Terps relishing oversight of success

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PINEHURST, N.C. — Outside of a handful of beat reporters and a couple of other straggling writers, Maryland safety Christian Varner was a bit lonely at the start of an interview session at yesterday’s ACC football kickoff event at Pinehurst Resort.

Elsewhere in the room, players from Florida State were mobbed with questions about a potential bounceback season, a pair of Wake Forest seniors dutifully discussed defending a conference title and veterans from Boston College and N.C. State analyzed their new coaches.

Varner seemed anything but frazzled at the oversight of the Terrapins, who cobbled together a 9-4 record and a Champs Sports Bowl victory a season ago to snap a two-year postseason drought.

Instead, there was a hint of knowing tolerance at the treatment of a team eager to surpass last year’s accomplishments when camp begins in a fortnight.

“We’re always under the radar, and even if we weren’t, we’d take that attitude,” Varner said. “That’s just our mentality. That’s Maryland. People don’t always give us respect. If we win, it’s because of a reason or the point spread wasn’t good or we didn’t beat them by enough. There’s always an excuse. But all we want to do is win.”

While Varner perhaps established a college football record for earliest use of the respect card, there is validity to his point. Maryland’s five-game surge last year nearly always was followed by the caveat of a combined 13-point margin during the stretch, and not a week passed without a mention of the Terps’ 11-game streak of being outgained.

There is no statistical minutiae to trot out now, just a handful of legitimate questions. The hole at quarterback created by Sam Hollenbach’s graduation remains unfilled, with junior Jordan Steffy the nominal No. 1 heading into a camp battle with Florida transfer Josh Portis and sophomore Chris Turner.

Both specialists are also gone, and the defense must compensate for the loss of cornerback Josh Wilson. And, of course, the Terps are seeking a conference title a season after falling one game shy of a divisional crown.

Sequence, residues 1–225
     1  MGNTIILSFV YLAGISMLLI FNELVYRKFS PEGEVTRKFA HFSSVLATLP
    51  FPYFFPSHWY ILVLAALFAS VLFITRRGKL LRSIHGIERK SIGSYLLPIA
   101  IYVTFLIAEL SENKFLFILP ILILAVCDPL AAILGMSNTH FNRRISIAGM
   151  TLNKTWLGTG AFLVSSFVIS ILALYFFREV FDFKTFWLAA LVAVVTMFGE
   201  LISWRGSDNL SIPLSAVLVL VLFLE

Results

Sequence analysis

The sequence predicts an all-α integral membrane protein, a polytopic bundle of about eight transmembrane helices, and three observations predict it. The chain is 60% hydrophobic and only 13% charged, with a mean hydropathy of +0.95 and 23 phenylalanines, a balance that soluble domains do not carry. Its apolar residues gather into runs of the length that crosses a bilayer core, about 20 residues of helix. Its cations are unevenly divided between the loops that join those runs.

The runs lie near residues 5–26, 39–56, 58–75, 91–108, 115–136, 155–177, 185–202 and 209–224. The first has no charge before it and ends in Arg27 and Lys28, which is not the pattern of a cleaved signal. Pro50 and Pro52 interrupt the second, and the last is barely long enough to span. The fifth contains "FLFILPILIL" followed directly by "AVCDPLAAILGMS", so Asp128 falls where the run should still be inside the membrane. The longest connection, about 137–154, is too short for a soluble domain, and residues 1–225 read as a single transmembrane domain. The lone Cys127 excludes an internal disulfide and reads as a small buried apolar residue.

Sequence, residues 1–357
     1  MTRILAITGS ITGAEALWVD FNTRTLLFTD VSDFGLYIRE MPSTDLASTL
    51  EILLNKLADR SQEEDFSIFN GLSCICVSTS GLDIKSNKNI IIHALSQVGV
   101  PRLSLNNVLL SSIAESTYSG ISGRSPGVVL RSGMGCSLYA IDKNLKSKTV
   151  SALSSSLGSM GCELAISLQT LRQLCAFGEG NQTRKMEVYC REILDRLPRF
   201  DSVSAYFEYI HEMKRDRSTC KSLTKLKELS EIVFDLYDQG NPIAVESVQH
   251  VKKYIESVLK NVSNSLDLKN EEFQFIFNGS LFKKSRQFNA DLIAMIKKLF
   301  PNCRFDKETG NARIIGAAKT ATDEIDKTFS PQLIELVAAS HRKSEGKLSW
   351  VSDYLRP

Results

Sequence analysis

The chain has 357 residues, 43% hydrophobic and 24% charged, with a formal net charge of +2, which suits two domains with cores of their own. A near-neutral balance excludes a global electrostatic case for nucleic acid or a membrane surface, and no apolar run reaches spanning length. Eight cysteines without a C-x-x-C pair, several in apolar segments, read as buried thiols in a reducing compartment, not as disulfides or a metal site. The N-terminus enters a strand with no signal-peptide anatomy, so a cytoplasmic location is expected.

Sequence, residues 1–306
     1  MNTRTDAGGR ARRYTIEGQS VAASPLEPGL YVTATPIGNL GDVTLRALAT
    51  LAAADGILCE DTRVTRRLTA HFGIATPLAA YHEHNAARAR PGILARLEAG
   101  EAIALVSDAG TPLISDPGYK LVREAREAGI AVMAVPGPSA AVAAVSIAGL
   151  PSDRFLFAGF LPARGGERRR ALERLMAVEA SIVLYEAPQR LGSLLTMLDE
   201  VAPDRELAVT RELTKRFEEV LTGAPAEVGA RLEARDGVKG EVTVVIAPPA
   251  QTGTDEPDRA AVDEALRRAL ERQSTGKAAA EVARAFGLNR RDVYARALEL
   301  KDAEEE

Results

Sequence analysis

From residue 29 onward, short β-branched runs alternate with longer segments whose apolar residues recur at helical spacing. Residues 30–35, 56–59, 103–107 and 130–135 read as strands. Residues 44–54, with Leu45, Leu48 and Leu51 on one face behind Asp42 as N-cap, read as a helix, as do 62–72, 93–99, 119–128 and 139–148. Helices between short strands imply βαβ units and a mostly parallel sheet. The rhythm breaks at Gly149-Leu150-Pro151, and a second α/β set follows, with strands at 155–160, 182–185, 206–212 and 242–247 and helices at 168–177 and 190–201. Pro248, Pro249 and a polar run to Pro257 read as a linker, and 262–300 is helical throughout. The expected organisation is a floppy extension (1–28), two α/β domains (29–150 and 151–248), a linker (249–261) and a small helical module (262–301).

“Whatever anyone wants to put on us is fine, but I think this team has done a good job of understanding what we want,” right guard Andrew Crummey said. “Last year left us with a hunger that we want to rectify and satiate. I think the pressure that matters is the pressure we put on ourselves and on each other, and I think that’s going to produce good results this year.”

Crummey is a cornerstone of a line trying to replace three starters. One of the departed, Jared Gaither, was declared academically ineligible last month and subsequently declared for the NFL supplemental draft.

However, the gargantuan tackle missed all of spring practice while attempting to improve his academic status, providing plenty of time for Scott Burley and Dane Randolph to acclimate themselves as starters. It could alleviate any transition during camp, though Gaither’s loss clearly is a dent in the Terps’ already shallow depth.

“In the wintertime, I don’t think anyone expected him to be back on the offensive line,” Crummey said. “He’s a great player, and he did a great job for us. He and Stephon Heyer were two bookend tackles who had a great year last year, and it’s going to be tough to replace them. But I think we’ve known that we had to replace them.”

The Terps also have not dealt with persistent questions of whether this would be the year they would return to a bowl. Instead of a ceaseless drumbeat of reminders of consecutive 5-6 seasons, attention instead was paid primarily to the quarterback situation.

That is, what little attention Maryland has received — not that it’s a new experience.

“It’s so much more relaxing to go into the season and not have that pressure on you,” Varner said. “It’s just worrying about getting better and doing better than you did the year before.”

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